• Adjust the tax framework to today’s realities
  • Reduce the cost of labor
Adjust the tax framework to today’s realities

Adjust the tax framework to today’s realities

  • Implement international taxation standards, for instance the European Commission’s Action Plan on Taxation, when required but without gold-plating.
  • Align VAT and excise late payment interests with the interest rate applicable to customs duties (2%) while ensuring that the statute of limitation for VAT payable and the VAT deduction/refund is the same as in other EU Member States.
  • If new taxation proposals are being discussed at EU or OECD level, refrain from introducing them in Belgium until there is an international consensus.
  • Embrace automatization and standardization in both business and tax administration processes, in accordance with international standards, building on the COVID experience.
  • Strive for a greener economy through targeted incentives and by shifting taxes, not raising them.
Create a stable tax environment

Create a stable tax environment

  • Further enhance recent measures, such as the Tax Shift, and benchmark them against neighboring countries and other relevant jurisdictions. No new personal and corporate income (or other business) taxes should be levied, and existing income taxes should be decreased rather than increased.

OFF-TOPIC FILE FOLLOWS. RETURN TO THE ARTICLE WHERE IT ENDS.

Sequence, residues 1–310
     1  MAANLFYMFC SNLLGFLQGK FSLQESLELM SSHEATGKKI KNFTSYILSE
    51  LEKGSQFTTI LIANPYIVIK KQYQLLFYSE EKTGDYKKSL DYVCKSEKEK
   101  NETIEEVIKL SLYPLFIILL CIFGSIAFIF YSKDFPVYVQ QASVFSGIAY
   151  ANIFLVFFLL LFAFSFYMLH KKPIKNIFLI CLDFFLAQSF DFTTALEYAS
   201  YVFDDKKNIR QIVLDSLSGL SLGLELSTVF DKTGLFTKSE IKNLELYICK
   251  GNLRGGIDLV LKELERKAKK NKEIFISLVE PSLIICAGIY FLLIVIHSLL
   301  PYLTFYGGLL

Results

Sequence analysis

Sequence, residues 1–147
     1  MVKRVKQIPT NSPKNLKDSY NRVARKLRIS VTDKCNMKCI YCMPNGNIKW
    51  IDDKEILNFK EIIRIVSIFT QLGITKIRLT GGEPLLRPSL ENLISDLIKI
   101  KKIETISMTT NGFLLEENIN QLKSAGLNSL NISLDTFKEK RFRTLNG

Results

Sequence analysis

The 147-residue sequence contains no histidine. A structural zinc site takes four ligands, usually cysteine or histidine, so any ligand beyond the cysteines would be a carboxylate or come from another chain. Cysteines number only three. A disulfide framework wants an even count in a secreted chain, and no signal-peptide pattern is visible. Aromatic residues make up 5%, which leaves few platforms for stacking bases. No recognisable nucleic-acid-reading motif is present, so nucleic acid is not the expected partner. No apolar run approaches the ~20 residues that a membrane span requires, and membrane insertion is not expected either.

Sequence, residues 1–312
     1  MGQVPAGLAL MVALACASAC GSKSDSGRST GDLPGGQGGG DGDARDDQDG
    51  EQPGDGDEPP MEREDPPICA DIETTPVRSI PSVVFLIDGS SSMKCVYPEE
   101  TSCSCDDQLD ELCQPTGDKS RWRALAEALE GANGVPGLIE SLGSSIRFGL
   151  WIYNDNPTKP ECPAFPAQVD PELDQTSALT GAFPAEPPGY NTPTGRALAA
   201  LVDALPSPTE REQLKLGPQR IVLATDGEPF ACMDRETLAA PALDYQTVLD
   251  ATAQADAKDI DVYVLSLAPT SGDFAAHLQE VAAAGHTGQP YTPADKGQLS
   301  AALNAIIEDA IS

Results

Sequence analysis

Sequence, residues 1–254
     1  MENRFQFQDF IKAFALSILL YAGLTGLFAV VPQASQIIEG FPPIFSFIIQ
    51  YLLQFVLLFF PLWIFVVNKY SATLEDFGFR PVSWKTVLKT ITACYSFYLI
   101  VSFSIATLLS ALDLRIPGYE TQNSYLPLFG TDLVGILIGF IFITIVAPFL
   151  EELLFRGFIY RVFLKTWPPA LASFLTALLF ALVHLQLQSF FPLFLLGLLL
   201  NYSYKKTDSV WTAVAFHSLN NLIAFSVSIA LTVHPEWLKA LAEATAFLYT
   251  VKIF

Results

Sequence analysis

• Ensure that implemented and upcoming tax legislation can withstand any test by national and supra-national courts or institutions. Companies require certainty to remain focused on their main mission of doing business.
  • Simplify tax legislation and enhance cooperation between businesses and tax authorities, in a spirit of mutual respect.
Reduce the cost of labor

Reduce the cost of labor

  • Enable investments in new business models by reducing labor costs and increasing flexibility.
  • Offer companies the ability to grant tax-friendly incentives to highly skilled and internationally mobile employees.
  • Re-introduce a cap on employer social security contributions.

COVID-19 and the Belgian tax environment

AmCham Belgium's Legal & Taxation Committee is actively engaged in discussions with policymakers and other stakeholders about the economic consequences of the COVID-19 crisis and the appropriate policy response. The Committee is particularly concerned about supporting businesses that are otherwise healthy but are now most affected by this crisis. Their recommendations are intended, in a first instance, to minimize the risk of negative snowballing effects to ensure the short-term continuity of businesses in Belgium and, in a second phase, to get the Belgian economy working again as quickly as possible in a healthy and safe manner.

The proposed measures were developed based on the following principles:

  • Short-term measures
  • For businesses materially impacted by the COVID-19 crisis
  • With the aim to keep cash in otherwise healthy companies
  • To delay reporting & payment of all types of taxes, both on regional and federal level
  • To reduce administrative burdens & red tape
  • Possibly linked to a condition to maintain employment after the crisis